When these lands are mapped, the whole thing suddenly makes sense. But it is also clear that the Dalway control of this cattle trail from the Sixmilewater Valley through to the ports for Scotland at Whitehead and Islandmagee could not have happened without the important central link in the chain - the Commons of Carrickfergus.

It was the old cattle drove trail across the Commons of Carrickfergus that connected Dalway's Ballynure and Broadisland estates. The townland of Castletown just east of Ballynure not only includes the site of the 'old castle' and bawn at the river crossing of the Castle Water, but also the 'Ballynure Fair Hill' which held fairs for cattle and pigs in May, September and October, with a large horse fair also held on nearby Reagh Hill in May, November and Christmas Day. Many of the pigs and cattle sold at Ballynure Fair ended up on boats leaving Portmuck (
muc is Irish Gaelic for 'pig') or Whitehead for the drove roads in south-west Scotland. Dalway's Bawn was their last stopping place before the 'end of the trail'.


  1. Would these cattle have been of various breeds? Were the cattle of the 1500s of largely undifferentiated stock, only later to be bred as "Jerseys" and "Guernseys" and "Herefords" and "Anguses"? I believe "Kerry" and "Dexter" are Irish breeds...

  2. Gary,
    What type of cattle? A good question that I'll have to get round to addressing.
    The breeds you mention were never really common here apart from specialist 'dairy' farms on the lowlands. All sorts of continental breeds are everywhere now (Simmental, Charolais, etc.)
    But when I was very young only two types were seen - black and white Frisians, and brown Ayrshires. But I'm told these were only about here from the 1930s and 1940s, before that the 'traditional' breeds were small (usually black) shorthorns. One type of 'rare breed' today that gets a frequent mention as once common here is the 'Belted Galloway'.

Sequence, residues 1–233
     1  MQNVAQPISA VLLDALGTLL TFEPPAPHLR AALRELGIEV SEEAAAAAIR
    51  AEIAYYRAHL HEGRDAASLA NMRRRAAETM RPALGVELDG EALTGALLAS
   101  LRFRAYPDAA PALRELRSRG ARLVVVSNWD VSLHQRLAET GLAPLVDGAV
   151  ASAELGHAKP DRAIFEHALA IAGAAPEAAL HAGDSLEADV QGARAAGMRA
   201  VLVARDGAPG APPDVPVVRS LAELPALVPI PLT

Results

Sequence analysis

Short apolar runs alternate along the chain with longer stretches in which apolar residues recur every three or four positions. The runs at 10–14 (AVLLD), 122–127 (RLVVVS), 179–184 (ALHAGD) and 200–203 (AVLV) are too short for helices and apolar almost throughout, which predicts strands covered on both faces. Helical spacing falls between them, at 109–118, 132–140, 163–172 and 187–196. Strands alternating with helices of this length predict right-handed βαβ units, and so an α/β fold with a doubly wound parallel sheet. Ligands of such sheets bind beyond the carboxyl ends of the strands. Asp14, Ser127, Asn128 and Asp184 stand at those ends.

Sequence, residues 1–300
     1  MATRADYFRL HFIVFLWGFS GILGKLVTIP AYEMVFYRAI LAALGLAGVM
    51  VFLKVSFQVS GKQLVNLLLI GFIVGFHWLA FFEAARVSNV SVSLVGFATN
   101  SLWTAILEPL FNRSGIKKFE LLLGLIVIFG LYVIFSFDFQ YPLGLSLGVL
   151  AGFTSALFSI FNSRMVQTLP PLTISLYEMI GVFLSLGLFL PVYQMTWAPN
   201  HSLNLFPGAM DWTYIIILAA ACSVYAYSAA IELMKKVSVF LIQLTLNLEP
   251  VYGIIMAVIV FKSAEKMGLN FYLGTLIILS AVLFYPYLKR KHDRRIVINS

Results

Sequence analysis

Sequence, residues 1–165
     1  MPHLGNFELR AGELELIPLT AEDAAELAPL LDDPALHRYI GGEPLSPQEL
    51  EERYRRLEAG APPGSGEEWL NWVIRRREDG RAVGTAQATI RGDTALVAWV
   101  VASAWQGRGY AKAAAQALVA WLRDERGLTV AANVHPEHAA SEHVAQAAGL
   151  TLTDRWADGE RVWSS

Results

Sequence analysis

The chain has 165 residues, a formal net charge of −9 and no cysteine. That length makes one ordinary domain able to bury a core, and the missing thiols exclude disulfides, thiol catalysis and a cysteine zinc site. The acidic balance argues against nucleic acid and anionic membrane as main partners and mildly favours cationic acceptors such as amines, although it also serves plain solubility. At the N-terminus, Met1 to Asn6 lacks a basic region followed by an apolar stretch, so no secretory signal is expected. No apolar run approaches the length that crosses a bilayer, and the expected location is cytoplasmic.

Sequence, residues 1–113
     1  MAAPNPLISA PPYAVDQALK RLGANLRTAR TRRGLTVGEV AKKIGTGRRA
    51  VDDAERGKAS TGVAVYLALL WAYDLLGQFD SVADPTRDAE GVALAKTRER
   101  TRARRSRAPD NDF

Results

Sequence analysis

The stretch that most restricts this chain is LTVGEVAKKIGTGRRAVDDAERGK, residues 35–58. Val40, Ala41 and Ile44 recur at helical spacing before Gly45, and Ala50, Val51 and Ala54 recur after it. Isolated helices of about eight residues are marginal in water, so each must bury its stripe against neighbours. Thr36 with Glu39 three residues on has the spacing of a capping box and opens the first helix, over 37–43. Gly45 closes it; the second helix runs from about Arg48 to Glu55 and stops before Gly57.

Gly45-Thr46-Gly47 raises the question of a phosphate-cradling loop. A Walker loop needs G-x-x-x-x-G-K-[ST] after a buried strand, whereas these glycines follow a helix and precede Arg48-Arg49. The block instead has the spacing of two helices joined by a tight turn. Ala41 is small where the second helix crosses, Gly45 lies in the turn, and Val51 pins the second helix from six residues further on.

When I worked in the Ulster Folk Museum we kept 'rare breeds', including "Kerrys" and "Moileys" (an Irish hornless cow). I suspect if we were transported back in time we would find small, black cattle of no particular name and mixed breed.

    1. Sir:
      I just bumped into your website researching cattle history. I am in the US (Western Pennsylvania) and have some Kerry cattle.
      It is interesting that you used the term "moileys" as in the rural USA a "Muley cow"
      is any polled cow. Another language connection between Ulster and America.

      Best Regards,


  3. There's nearly always more plans afoot than those of which we're aware. Time hasn't changed human nature, not that anythings wrong with making plans.

  4. Thanks Philip. So the Ulster Folk Museum actually keeps live cattle! I want to read up on Frisians, Ayrshires, Belted Galloways and Moileys.

    On another note, was there much disturbance in your area this past week during marching days?

  5. No trouble at all apart from the usual suspect areas of Belfast that I usually avoid at the best of times! Actually I'm over in Scotland at the minute visiting my daughter for a few days, so only get a spasmodic 'go' on the computer.

  6. Gary,
    Forgot to say, 'moiley' is an Irish Gaelic worn for 'hornless' - or more correctly 'bald'. An old roofless castle in Carrickfergus beside the Earl of Essex's 'Mount' was called the 'moiled' castle because it didn't have a roof (in the town records of the 1500s), and I know several people with the nickname 'moiley' (presumab;y besause they are - like myself - folically challenged).